Almost exactly two years ago, at Bloomberg LP’s headquarters in New York City as part of Social Media Week, I gave a talk titled “What in the World?” I overviewed demographic and economic trends globally and outlined the opportunity for technology companies to access growth in the emerging markets.
In the past week, Rakuten, a Japanese e-commerce company, bought Viber, a mobile messaging video app, for $900 million; and Facebook bought WhatsApp, a mobile messaging app with 450 million active monthly users globally (almost entirely outside of the US), for a deal that could be worth $19 billion after earnouts.
What in the world indeed. Why this acquisition? Why now?
In 2011, Facebook only had 11% of the world’s internet users on on its platform—the figure was at 50% in North America. At the time, this created opportunity for other platforms to become more globally dominant, particularly as countries in the emerging markets leapfrogged fixed-line networks to ever faster mobile networks. While Facebook’s numbers have grown, internet usage (now mostly mobile) continues to evolve at a pace that rivals innovation in the past. Facebook is no longer the innovative, nimble startup it once was, and needs to acquire to stay relevant—as does Google.
The very human need for connectivity is a powerful one. Facebook showed that with its platform, and WhatsApp applied that need in a different, and pragmatic way.
WhatsApp has a simple value proposition: provide free or low-cost (one dollar a year after the free first year) messaging between smartphones using mobile broadband networks—instead of telecom networks that charge fees for each text message sent. In an era where so much is possible, WhatsApp focused on its core value proposition. I’ve invested in emerging markets for close to 20 years—there are rarely bells and whistles associated with businesses that have very limited resources: to survive, they need to get to their core value proposition quickly. While WhatsApp had the benefit of a deep-pocketed investor (latest reports cite $60 million in total funding from Sequoia Capital), I’d argue that the app itself stayed true to the needs of its user base.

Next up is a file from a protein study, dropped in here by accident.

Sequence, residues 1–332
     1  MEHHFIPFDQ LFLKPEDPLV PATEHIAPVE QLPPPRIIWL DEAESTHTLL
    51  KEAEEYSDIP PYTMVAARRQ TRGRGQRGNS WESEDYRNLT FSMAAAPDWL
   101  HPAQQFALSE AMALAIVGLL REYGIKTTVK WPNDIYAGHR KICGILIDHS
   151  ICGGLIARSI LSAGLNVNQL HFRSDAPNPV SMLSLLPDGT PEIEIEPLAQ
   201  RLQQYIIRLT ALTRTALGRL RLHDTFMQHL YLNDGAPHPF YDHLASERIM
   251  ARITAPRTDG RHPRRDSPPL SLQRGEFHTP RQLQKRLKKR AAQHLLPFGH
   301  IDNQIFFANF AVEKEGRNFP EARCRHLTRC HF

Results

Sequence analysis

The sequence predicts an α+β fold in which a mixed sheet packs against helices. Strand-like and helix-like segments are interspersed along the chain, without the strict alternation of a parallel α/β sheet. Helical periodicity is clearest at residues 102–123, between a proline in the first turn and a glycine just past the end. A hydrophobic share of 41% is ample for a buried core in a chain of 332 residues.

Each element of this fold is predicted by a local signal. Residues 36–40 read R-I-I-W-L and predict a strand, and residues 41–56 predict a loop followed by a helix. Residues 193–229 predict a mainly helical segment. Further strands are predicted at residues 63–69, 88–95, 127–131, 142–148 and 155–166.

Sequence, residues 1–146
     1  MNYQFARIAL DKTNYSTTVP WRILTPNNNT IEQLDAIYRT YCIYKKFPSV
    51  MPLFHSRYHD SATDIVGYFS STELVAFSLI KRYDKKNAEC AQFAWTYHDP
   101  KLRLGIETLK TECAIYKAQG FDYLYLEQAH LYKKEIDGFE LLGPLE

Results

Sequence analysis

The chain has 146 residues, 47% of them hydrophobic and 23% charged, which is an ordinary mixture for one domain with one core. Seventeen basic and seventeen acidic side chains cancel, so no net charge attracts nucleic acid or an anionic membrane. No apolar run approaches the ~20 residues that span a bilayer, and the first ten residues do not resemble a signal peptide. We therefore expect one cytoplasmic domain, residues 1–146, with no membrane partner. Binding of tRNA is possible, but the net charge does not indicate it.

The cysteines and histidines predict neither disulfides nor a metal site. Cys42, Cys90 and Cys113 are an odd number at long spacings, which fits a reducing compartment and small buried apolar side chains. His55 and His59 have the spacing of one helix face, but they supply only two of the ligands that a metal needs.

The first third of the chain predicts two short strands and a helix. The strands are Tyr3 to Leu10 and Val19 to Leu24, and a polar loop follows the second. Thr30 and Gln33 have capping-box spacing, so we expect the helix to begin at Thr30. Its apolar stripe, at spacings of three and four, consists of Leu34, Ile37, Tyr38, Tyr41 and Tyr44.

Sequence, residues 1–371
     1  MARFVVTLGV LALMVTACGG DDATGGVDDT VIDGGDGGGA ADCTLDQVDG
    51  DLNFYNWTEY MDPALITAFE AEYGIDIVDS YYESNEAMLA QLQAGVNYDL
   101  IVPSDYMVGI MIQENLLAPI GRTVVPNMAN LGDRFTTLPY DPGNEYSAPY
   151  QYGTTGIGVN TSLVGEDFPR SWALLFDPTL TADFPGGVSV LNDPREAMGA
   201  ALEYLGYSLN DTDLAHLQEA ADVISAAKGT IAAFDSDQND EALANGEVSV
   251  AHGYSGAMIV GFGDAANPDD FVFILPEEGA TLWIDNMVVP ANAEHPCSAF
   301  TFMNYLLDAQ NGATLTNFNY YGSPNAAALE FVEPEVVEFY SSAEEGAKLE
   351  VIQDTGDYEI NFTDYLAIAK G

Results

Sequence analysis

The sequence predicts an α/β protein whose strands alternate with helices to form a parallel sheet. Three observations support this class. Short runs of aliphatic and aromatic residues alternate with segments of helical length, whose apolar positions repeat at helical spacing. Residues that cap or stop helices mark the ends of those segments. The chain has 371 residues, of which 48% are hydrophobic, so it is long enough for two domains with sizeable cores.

I stopped using the word “international” to denote activity outside of the US many years ago. Many investors and entrepreneurs in the US still have a US-centric view of the world. I’ve sat on boards when entrepreneurs have outlined growth in countries out of the US — and investors have balked at exploring that growth further. If this acquisition, cited as the largest venture backed exit ever, doesn’t change that view, I’m not sure what will. Jan Koum, one of WhatsApp’s founders, immigrated to the US from Communist Ukraine as a teenager. He worked at Yahoo, where he met his co-founder. They later started a company based in Silicon Valley that became one of the fastest growing companies ever, with almost all of its growth coming from outside the US.
While WhatsApp has significant usage in Europe, it also dominates India in terms of total population—and even more notably, with a growing middle class and significant population under 30. While many early movers have retreated from India due to low price points, the attractiveness of this user base (and engagement of that user base) is undeniable at this point. This is also the first year that smartphone sales overtook feature phone sales globally—driven by sales in India. This gives WhatsApp—a smartphone app—even more upside.